A worker at a student-loan company says the 'lack of guidance' from Biden's Education Department on debt cancellation is hurting borrowers: 'I'm just so worried people are going to be left out'

A worker at a student-loan company says the 'lack of guidance' from Biden's Education Department on debt cancellation is hurting borrowers: 'I'm just so worried people are going to be left out'
U.S. President Joe Biden, joined by Education Secretary Miguel CardonaAlex Wong/Getty Images
  • A student-loan company worker expressed concern with the lack of guidance on Biden's debt relief.
  • She said that FFEL borrowers in particularly are confused on whether they qualify.

Student-loan companies are tasked with carrying out President Joe Biden's student-loan forgiveness plan — but a worker at one of those companies said guidance on how exactly to do that is lacking.

Leading up to Biden's August announcement of $10,000 to $20,000 in debt cancellation for federal borrowers making under $125,000, many advocates and lawmakers were expressing concerns with how exactly that relief would be implemented. Lawmakers on both sides of the aisle requested additional information from the Education Department on its preparedness to carry out blanket relief, and loan servicers themselves warned the department that it would be difficult to seamlessly implement loan forgiveness on such short notice.

A worker at a small student-loan company in Iowa told Insider that since Biden's announcement, the levels of confusion have been high — for both borrowers and servicers.

"There's a complete lack of guidance from the Education Department on what to advise borrowers," the worker, who requested to remain anonymous but whose identity is known to Insider, said. "There's so much information borrowers still need, but this relief is on a deadline and I'm just so worried that people are going to be left out."

The worker specifically assists borrowers within the Federal Family Education Loan (FFEL) program, who have loans that are commercially-held and not eligible for federal relief. Currently, the Education Department is advising those borrowers to consolidate their loans into direct federal loans so they can qualify for forgiveness. It said on its FAQ that it's "assessing" whether to expand eligibility to those borrowers without requiring consolidation.


That guidance is confusing for a lot of FFEL borrowers who call and wonder if they qualify, the worker said. She said the most she can tell borrowers right now is simply what's listed on the department's website. The volume of calls regarding consolidation has jumped, she said, because borrowers "are so confused about the website" and the types of loans that they hold.

"There's just the one place borrowers can go to get a consolidation," the worker said. "I know in the past when the department's gotten behind on consolidation forms, it would take months to get them through, and that's what I'm really concerned about. Are they going to accept these applications for forgiveness if the consolidation doesn't happen before December 31? Can they put in the request ahead of time? Are they going to take anybody who had the consolidation application in beforehand?"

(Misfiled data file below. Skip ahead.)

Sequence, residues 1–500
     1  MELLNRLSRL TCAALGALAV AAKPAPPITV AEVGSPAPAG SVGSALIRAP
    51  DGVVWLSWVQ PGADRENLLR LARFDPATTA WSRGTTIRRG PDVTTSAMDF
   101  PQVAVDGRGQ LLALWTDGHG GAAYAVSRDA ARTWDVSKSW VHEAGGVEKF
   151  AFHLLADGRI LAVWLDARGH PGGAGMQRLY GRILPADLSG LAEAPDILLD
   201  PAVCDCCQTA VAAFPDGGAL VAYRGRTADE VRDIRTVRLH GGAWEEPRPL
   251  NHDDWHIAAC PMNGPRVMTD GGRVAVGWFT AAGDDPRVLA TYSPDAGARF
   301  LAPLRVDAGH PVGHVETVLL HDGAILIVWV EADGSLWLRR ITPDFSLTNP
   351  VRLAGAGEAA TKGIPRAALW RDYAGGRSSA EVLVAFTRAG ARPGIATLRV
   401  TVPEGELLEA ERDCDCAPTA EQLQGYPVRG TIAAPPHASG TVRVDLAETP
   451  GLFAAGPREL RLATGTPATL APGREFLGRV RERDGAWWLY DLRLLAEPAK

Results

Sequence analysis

The CEO of Navient — a major student-loan company that owns some FFEL loans — Jack Remondi also expressed concerns with requiring borrowers to consolidate in order to qualify for Biden's relief, saying during Barclay's Global Financial Services Conference last week that it would be "a pretty significant undertaking" for the Education Department to process millions of consolidation applications.

In response to the worker's concerns, an Education Department spokesperson pointed Insider to the FFEL guidance already on its website and did not have any additional details to provide.

"All we can say is that we don't know anything yet"

Major student-loan companies have been dealing with confusion from borrowers, as well. Nelnet, for example, told borrowers to "hold of on calling" because it did not have any additional details to share on Biden's debt relief beyond what had already been announced. And the worker said the lack of information she can share with borrowers is "frustrating."


"We get a ton of people calling in and all we can say is that we dont know anything yet," she said.

The Student Loan Servicing Alliance — a group that represents federal servicers — wrote on Twitter that "we all eagerly await @usedgov sharing the specific details & next steps pertaining to federal #studentloanforgiveness."

There's also a lot at stake for borrowers before the year ends. Not only will the majority of them have to apply for student-loan forgiveness when the application becomes live in early October — those who are public servants have just over one month left to make use of expanded benefits through the Public Service Loan Forgiveness program that expire on October 31, all while preparing to resume payments on January 1, 2023.

"I have never seen this much change occurring in our student loan system in a period of four months. It's unprecedented," Bryce McKibben, senior director of policy and advocacy at the Hope Center for College, Community and Justice at Temple University, told NBC News. "We really need a massive public service announcement campaign to get this right."

Despite servicers' and advocates' concerns, the Biden administration maintains it has the capacity to execute all of those actions smoothly. White House Press Secretary Karine Jean-Pierre said during a recent press briefing that Biden has already enacted targeted loan forgiveness — for borrowers defrauded by for-profit schools, for example — and it can be done again.


"This is not the first time. We've done this before," she said. "There's a precedent here."

Do you have a story to share about student debt? Reach out to Ayelet Sheffey at asheffey@insider.com.